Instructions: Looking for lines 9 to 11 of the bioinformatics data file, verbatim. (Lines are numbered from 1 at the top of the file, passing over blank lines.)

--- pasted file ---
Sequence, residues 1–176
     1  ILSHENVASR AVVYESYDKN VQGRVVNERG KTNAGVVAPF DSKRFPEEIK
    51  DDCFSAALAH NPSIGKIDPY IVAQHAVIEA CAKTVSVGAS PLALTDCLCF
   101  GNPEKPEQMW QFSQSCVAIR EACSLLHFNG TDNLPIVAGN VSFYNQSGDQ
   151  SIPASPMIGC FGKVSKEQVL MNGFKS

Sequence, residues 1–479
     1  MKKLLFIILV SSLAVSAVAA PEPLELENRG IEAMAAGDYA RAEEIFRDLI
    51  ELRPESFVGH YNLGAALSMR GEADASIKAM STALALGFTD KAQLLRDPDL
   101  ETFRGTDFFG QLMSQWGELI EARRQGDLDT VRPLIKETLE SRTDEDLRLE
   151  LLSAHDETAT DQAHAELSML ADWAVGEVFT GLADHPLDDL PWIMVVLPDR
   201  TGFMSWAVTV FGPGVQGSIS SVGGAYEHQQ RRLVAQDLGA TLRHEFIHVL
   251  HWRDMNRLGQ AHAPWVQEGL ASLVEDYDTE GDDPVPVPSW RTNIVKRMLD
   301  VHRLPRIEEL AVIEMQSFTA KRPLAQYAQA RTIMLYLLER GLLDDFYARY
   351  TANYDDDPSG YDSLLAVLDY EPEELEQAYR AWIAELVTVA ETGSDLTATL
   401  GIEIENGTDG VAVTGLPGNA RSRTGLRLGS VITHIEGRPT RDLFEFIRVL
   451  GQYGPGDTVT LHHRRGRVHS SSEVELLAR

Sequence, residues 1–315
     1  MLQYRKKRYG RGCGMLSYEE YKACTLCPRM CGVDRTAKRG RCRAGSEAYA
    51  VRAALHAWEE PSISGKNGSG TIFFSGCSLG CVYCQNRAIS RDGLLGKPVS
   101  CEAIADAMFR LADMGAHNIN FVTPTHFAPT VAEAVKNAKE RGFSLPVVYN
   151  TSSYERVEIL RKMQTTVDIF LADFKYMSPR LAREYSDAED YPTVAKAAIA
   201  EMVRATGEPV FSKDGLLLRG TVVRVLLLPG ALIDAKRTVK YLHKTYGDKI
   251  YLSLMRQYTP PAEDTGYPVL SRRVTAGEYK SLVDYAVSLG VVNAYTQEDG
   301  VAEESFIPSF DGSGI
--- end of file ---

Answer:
   101  ETFRGTDFFG QLMSQWGELI EARRQGDLDT VRPLIKETLE SRTDEDLRLE
   151  LLSAHDETAT DQAHAELSML ADWAVGEVFT GLADHPLDDL PWIMVVLPDR
   201  TGFMSWAVTV FGPGVQGSIS SVGGAYEHQQ RRLVAQDLGA TLRHEFIHVL